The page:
On May 27, 1884, Humphreys and Tutt were appointed receivers of the property, and were directed to pay certain preferred claims, including rentals accrued, or which might thereafter accrue, upon leased lines. On June 26, the receivers reported to the court that, from the incoming rents and profits of the property, they were unable to pay on June 1 the interest falling due upon certain divisional bonds, and prayed the advice of the court as to paying the interest on these bonds, and as to how they should dispose of the earnings of the other lines or divisions which had not and would not for the present be enough to pay the operating expenses, the cost of maintenance, and the interest upon the bonds. This petition was referred to a master, who made a report on June 28, upon which an order of court was entered that the receivers,
"from the incoming rents and profits of said property, after meeting such other obligations as they have been directed to discharge by the former order of this court, pay from whatever balance may remain in their hands the interest, as the same may from time to time mature upon the following bonds,"
including those of the Omaha Division.
If this order of June 28 had been, as the court below seems at first to have construed it (Central Trust Co. v. Wabash &c. Railway, 34 F. 259, 266), as "couched in such language that the intervener had a right to rely upon it, and expect the payment of his rent, until some other order was made," there
would be strong reason for saying that the receivers would be obligated to pay this interest as it matured. But upon a more careful examination of this order upon a rehearing, the court came to the conclusion that it was not an absolute order to pay, but only an order to pay after the preferential debts had been discharged. 38 F. 63. We have no doubt of the correctness of this conclusion. The language of the order was that the receivers,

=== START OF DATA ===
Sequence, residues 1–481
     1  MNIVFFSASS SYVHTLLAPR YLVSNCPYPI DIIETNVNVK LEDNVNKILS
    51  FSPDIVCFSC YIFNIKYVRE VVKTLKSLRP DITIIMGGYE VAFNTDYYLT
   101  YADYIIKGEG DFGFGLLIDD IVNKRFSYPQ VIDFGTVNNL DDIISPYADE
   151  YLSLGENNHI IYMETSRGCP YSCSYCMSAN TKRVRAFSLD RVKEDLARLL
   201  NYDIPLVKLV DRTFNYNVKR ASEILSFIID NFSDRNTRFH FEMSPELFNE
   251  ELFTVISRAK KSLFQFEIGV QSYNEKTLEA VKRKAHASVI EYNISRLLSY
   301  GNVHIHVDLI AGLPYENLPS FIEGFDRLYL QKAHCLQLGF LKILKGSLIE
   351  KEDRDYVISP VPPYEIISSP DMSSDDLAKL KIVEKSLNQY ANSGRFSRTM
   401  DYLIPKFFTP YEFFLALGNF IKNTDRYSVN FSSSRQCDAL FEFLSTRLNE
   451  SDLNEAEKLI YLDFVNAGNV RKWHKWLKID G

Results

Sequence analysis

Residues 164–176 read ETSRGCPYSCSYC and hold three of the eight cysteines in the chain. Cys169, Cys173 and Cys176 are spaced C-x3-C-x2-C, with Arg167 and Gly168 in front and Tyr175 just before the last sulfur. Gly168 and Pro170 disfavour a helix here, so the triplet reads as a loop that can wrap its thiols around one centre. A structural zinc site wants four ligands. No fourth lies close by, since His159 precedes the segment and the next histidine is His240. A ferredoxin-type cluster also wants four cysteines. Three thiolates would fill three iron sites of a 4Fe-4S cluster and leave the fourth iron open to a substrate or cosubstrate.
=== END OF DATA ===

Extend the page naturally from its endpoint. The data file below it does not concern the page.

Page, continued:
"from the incoming rents and profits of said property, after meeting such other obligations as they have been directed to discharge by the former order of this Court, pay from whatever balance may remain in their hands."
The other obligations they had been directed to discharge were fixed by the order of their appointment of May 27th, as traffic balances, rentals accrued or to accrue upon leased lines, and for the use of terminal facilities and rolling stock, claims for labor, supplies, professional services, and salaries, maturing within six months before making the order, and current expenses for the operation of the road. It is true, as argued by the interveners, that among the preferred claims mentioned in this order were the rentals due and to become due on leased lines, and that there was no order of payment or relative rank fixed between the preferred claims themselves, the court evidently supposing that the income of the road would be sufficient to pay all the preferred debts. It was impossible, however, for the court, in making the order of June 28, to have contemplated that the rental due the Omaha Division should be a preferred claim, inasmuch as the whole object of the order of June 28 was to provide for the payment of the interest due upon the bonds of this division after the payment of preferred claims. There is an apparent incongruity between the two orders, but we think it clear that the object of the order of June 28 was, as stated, to pay only from the balance after the payment of the preferred claims, not including as a preferred claim the claim for rental.